All those things notwithstanding, I actually got a kick out of watching Angelina Jolie ("Beowolf" and "Lara Croft") transform the nerdish nobody James McAvoy ("Becoming Jane," "Starter for Ten" and "Atonement") from a browbeaten, cube-dwelling accountant into an action hero, a trained operative and a fully fledged member of a secret society of assassins.

His boss had abused him, his girlfriend was unfaithful to him and his best friend betrayed him, but he had never done a thing about it. Once the pillow-lipped Jolie takes him to our favorite authority figure, Morgan Freeman ("The Bucket List" and "Bruce Almighty"), he is shown that he has some of the attributes that his father also had. His father had abandoned him when he was a week old, so he wants to take their word for it.

This ridiculous movie is messy, cartoonish, silly and illogical but the satisfying ending had the audience applauding.

Actually, I was glad to go home, even though, as a rule, I enjoy watching McAvoy.


The Love Guru

Let's make a list of (to my way of thinking) unfunny items:
  • A cross-eyed guru played by (Sir) Ben Kingsley ("Schindler's List," "Gandhi," "You Kill Me" and "Sexy Beast")
  • A French-Canadian accented Justin Timberlake (mostly vocal work and TV) whose character is nicknamed "Le Grande Coq" (nudge, nudge, get it?)
  • Fornicating elephants
  • Fart jokes
  • Diarrhea jokes
  • Chastity belt jokes (it clangs at inappropriate moments)
  • Lots of slams to the crotch
  • Utterly ridiculous self-help affirmations (well, maybe some of those ARE funny...)

For some reason, these items leave me cold. I know, I know, I'm just a stuffy old poop!

On the other hand, I like the magic carpet that beeps when it backs up and I'm always bewildered when I see "name brand" actors show up in trashy trivia like this:

  • Val Kilmer ("Kiss, Kiss, Bang, Bang" and "Top Secret")
  • Mariska Hargitay ("Lake Placid" and "Law & Order" on TV)
  • Jessica Simpson (well, she's sort of a name brand)
  • Deepak Chopra (Real-life self-help guru)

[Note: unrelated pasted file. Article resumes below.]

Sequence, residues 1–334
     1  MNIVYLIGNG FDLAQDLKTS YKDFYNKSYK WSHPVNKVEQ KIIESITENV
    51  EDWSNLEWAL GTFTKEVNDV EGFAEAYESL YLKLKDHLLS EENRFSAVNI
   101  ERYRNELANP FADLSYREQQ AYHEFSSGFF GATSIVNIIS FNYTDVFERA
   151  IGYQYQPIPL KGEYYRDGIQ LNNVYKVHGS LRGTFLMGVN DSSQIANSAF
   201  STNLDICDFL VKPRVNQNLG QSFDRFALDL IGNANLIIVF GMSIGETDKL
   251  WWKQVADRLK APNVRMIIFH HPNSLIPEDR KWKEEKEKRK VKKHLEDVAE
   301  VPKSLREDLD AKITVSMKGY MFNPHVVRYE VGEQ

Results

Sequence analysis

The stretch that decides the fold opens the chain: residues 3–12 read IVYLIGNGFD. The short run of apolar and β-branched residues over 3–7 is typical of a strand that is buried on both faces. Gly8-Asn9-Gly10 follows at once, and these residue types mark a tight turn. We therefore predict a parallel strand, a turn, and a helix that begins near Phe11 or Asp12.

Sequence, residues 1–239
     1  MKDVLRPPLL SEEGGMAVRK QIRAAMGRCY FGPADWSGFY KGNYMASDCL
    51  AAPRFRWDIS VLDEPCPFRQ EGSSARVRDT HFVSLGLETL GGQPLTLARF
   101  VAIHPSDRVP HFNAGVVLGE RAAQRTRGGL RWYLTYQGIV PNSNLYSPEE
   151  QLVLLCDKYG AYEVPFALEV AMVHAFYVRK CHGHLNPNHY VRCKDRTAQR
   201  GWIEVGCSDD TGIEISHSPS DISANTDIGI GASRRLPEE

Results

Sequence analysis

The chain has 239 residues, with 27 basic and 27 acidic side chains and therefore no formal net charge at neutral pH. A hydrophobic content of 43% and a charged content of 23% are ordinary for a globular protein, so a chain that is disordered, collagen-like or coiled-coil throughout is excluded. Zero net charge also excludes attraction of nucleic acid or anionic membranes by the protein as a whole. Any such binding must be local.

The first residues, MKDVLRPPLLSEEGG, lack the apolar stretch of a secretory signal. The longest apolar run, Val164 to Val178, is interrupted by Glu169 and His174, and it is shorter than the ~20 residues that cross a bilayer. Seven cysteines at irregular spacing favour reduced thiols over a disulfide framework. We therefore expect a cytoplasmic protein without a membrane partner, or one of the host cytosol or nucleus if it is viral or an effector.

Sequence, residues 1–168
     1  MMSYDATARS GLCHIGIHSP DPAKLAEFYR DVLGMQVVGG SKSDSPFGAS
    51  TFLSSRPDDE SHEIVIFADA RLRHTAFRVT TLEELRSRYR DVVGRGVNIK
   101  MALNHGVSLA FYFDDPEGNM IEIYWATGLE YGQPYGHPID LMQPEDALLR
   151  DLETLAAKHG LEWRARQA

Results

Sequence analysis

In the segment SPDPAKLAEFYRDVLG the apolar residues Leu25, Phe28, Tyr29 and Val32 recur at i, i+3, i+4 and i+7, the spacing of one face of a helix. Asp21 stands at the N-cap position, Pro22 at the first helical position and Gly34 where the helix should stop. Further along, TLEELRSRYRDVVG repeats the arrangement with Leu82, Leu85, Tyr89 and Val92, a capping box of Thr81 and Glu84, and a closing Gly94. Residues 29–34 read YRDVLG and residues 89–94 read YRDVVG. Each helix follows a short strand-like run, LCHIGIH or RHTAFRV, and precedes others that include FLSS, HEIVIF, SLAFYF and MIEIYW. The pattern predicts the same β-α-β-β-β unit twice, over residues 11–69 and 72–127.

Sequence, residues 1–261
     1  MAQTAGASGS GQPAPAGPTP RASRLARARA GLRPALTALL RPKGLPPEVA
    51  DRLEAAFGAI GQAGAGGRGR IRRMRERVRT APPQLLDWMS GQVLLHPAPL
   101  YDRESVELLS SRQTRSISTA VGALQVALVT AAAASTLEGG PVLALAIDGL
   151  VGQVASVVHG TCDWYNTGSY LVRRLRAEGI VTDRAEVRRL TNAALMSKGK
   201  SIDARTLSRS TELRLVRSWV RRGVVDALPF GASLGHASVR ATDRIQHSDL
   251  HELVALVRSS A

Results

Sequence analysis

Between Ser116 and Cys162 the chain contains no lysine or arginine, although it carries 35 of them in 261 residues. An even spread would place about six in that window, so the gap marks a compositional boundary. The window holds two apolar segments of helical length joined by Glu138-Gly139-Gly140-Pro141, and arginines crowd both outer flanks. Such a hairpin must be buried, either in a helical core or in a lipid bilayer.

In a nutshell (by the way, this movie is loaded with double entendres), Mike Myers' character Pitka, an American-born guru trained at an ashram in India, is hitting the big time but is unable to reach that final epitome of success, an appearance on Oprah. His agent tells him if he can engineer a reconciliation between Romany Malco ("Baby Mama" and "The 40-Year-Old Virgin"), a temporarily incapacitated ice hockey star and his unfaithful wife, thus enabling the hockey star to recapture his self confidence and win the "Big One," Pitka can appear on Oprah and will no longer be called "The Poor Man's Deepak Chopra." The owner of the hockey team, played by Jessica Alba ("Into the Blue" and "Good Luck Chuck"), is considered a curse by the locals because their team hasn't won the Stanley Cup since she inherited it.

All we can look forward to is one sappy situation after another, a brief Bollywood-type musical interlude and an unrealistically happy ending. If you are a Mike Myers fan ("Austin Powers" and the "Shrek" voice) this might be right down your alley. Otherwise...


You Don't Mess With the Zohan

This farce was written by Judd Apatow ("Knocked Up" and "The 40- Year-Old Virgin"), Adam Sandler ("Reign Over Me" and "50 First Dates") and Robert Smigel (a Saturday Night Live writer), all three specialists in crass humor, so the theater was packed with their fans... and they weren't disappointed! This is absurd comedy from the get-go. You are first treated to lots of full-backtal (as opposed to full-frontal) nudity with Sandler's obviously newly buffed body which, later on, is augmented with an outrageous codpiece! His character, the eponymous Zohan, is a Mossad agent, weary of the constant warfare and destruction that is the standard order of the day in the Mideast. He wants nothing more than to become a hairdresser. In fact, he has a cherished Paul Mitchell book of hairstyles which is like pornography for him, he retreats to the privacy of his bedroom to daydream over it.